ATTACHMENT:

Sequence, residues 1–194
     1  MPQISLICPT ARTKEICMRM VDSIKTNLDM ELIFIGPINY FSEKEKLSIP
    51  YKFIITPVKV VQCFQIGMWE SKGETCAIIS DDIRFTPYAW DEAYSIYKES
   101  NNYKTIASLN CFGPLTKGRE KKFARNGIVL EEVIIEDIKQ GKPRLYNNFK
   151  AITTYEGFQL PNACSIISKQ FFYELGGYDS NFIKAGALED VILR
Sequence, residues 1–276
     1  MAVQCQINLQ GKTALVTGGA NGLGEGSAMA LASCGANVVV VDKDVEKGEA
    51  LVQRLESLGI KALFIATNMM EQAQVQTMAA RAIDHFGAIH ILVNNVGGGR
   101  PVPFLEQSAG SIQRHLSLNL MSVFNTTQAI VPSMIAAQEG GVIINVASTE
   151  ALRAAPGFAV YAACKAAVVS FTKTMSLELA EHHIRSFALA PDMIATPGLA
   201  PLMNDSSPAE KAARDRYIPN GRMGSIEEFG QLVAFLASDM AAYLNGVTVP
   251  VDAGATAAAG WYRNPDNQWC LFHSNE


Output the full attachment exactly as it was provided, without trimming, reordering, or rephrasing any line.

Sequence, residues 1–194
     1  MPQISLICPT ARTKEICMRM VDSIKTNLDM ELIFIGPINY FSEKEKLSIP
    51  YKFIITPVKV VQCFQIGMWE SKGETCAIIS DDIRFTPYAW DEAYSIYKES
   101  NNYKTIASLN CFGPLTKGRE KKFARNGIVL EEVIIEDIKQ GKPRLYNNFK
   151  AITTYEGFQL PNACSIISKQ FFYELGGYDS NFIKAGALED VILR
Sequence, residues 1–276
     1  MAVQCQINLQ GKTALVTGGA NGLGEGSAMA LASCGANVVV VDKDVEKGEA
    51  LVQRLESLGI KALFIATNMM EQAQVQTMAA RAIDHFGAIH ILVNNVGGGR
   101  PVPFLEQSAG SIQRHLSLNL MSVFNTTQAI VPSMIAAQEG GVIINVASTE
   151  ALRAAPGFAV YAACKAAVVS FTKTMSLELA EHHIRSFALA PDMIATPGLA
   201  PLMNDSSPAE KAARDRYIPN GRMGSIEEFG QLVAFLASDM AAYLNGVTVP
   251  VDAGATAAAG WYRNPDNQWC LFHSNE